Raise your hand if you love to hear your kids whine.
Ah, yes, there’s nothing like coming home after a hard day’s work to the melodious sound of whining. “We’re having THAT for dinner? We always have stuff I hate!” “Why do I have to do chores? No one else does!” “I’m booooooorrrrreeeeeddddd.”
I’m fairly certain there’s not a person on the planet who likes to hear whining. But, let’s be honest, whining isn’t something we outgrow. We all have our moments; some of us have more moments than others.
We rename whining when we become adults. We call it “venting,” “discussing,” “asking for advice,” or “sharing on Facebook.” But it’s whining. And it’s bad for us.
Complaining is contentment’s archenemy. It’s impossible to wallow in complaints and be content at the same time. But life presents us with a conundrum: Life is hard. Days are long. Irritations abound. We could adopt a Pollyanna pose: “Everything is wonderful always!” There are some who have sunny dispositions and they are, in their deepest souls, optimists. But what about the rest of us? How can we combat whininess in our own lives?
Scripture, after all, is pretty plain. We SHOULD learn to live without complaining.
“Do all things without complaining and disputing,
that you may become blameless and harmless, children of God
without fault in the midst of a crooked and perverse generation,
among whom you shine as lights in the world.”
Practically speaking, that is extraordinarily difficult. Society has a pretty high tolerance for adult whining- it is socially acceptable, even expected, to complain at least a little every day. Any person who decides to follow a path of joyful, contented speech is going against the flow.
I think, though, that it’s worth it. The Bible tells us that we speak the things that are in our hearts (Matthew 12:34), and I’ve observed that the reverse is also true. The things I speak influence the attitude of my heart. I am not, however, in favor of just randomly saying positive things that are trite or untrue. This is not an exercise in cheerleading and self-esteem.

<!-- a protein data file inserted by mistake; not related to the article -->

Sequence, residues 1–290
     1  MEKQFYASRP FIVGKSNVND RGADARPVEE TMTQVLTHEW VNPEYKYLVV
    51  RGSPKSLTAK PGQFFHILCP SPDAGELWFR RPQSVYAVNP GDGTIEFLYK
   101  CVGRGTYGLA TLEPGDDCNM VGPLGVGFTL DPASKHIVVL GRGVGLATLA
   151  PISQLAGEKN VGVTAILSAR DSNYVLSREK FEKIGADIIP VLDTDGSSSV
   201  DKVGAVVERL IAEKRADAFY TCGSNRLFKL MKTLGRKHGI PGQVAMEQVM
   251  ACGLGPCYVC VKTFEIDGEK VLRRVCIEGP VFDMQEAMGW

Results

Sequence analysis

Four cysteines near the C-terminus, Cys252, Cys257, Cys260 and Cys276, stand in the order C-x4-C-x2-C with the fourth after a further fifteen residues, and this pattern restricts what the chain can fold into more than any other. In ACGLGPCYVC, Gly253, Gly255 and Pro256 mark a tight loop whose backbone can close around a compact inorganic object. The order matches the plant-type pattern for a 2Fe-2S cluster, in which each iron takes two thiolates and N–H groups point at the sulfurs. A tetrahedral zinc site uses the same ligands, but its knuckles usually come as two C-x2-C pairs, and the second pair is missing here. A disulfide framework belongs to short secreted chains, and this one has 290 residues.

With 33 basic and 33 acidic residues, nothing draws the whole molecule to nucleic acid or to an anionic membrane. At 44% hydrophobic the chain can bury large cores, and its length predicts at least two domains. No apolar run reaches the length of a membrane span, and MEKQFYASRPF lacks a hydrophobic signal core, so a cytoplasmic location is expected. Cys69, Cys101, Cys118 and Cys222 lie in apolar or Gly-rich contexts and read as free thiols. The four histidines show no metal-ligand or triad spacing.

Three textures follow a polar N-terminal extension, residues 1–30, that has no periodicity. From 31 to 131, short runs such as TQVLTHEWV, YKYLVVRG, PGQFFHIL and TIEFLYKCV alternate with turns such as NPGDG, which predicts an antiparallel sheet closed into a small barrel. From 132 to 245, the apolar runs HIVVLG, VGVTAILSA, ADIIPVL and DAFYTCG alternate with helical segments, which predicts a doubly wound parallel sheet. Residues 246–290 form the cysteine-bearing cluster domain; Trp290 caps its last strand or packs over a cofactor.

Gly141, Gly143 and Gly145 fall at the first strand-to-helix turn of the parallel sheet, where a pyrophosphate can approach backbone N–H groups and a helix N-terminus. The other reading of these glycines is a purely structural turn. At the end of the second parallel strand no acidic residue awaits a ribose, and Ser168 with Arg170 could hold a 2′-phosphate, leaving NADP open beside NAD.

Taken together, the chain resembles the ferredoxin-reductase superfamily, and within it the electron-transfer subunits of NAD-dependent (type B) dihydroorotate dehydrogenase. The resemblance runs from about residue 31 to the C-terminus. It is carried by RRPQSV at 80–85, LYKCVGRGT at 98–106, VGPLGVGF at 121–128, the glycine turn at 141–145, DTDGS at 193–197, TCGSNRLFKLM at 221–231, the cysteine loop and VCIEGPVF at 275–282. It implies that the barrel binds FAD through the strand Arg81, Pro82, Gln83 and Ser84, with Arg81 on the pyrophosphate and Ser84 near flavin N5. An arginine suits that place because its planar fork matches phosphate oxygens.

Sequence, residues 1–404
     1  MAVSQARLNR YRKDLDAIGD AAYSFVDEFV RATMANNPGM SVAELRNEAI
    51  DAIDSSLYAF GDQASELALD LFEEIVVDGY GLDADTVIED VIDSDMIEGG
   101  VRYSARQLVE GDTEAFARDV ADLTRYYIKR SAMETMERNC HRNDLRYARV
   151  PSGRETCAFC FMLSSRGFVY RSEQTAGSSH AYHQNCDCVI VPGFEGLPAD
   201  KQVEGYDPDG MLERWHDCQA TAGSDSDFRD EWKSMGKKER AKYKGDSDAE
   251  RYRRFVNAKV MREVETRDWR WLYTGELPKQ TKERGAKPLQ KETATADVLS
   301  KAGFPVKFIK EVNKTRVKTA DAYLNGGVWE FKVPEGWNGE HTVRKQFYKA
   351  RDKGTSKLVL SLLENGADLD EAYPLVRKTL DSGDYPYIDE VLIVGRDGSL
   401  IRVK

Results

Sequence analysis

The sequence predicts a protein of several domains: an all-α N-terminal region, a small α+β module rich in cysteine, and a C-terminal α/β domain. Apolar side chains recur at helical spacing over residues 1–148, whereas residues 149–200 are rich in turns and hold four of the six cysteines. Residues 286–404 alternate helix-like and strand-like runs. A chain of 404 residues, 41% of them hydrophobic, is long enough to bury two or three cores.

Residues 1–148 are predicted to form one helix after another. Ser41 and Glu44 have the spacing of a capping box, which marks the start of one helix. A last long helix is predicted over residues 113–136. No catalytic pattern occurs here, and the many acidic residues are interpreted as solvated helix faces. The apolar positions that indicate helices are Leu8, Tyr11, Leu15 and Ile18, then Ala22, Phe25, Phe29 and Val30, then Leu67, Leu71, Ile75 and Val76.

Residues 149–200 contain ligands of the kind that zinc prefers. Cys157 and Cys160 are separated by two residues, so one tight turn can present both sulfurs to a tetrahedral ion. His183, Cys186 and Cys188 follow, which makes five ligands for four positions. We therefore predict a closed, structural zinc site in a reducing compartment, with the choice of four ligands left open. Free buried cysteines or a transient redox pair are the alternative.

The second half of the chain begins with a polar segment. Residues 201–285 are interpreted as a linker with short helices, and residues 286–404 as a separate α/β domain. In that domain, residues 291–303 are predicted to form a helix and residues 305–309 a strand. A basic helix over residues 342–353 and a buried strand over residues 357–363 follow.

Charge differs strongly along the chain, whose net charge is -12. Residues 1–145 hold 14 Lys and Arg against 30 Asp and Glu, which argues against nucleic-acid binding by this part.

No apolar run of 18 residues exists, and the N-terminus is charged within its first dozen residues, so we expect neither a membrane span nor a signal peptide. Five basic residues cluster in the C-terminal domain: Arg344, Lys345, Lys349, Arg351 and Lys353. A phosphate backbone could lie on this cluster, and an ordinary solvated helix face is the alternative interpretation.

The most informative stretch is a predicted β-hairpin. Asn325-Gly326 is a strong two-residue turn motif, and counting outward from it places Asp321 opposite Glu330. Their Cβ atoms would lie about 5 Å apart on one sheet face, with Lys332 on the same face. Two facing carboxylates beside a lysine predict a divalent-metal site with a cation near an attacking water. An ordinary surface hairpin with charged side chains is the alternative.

The cure for grumbling, quite simply, is gratitude.
When I feel a complaint coming on, I have to quickly find something, anything, that I’m truly grateful for. I do not usually feel thankful for the thing that triggered my whininess. But if I shift my focus, I can put my complaints in proper perspective.
I HATE waiting in line. I really do. And I hate inefficiency even more. When I’m stuck in line, I should, perhaps say, “Thank you that I am waiting in line.” But that would be utterly false. Instead, I focus on what I am thankful for: that food is readily available to buy, that I’m not pressed for time, that I wore comfortable shoes, that the line will eventually end.
I try to be specific in my gratitude. I find that works better than using broad generalizations. Yes, I’m thankful for salvation. Yes, I’m thankful for the Bible. Yes, I’m thankful for air to breathe. But getting my mind out of a grouchy, grumbling mode requires me to think about something more precise. I need to make myself focus on blessings that my complaints are obscuring from view.
The contented life is a journey, and changing grumbling to gratitude is part of the trip. It doesn’t come easily. I indulge in whine each day, but every time I conquer it, discontent loses a bit of its grip on me. For every thankful thought, I move a little further down the path. And I’m convinced the journey is worth the effort. Give up the whine, and be grateful.
“In everything give thanks;
for this is the will of God in Christ Jesus for you.”
1 Thessalonians 5:18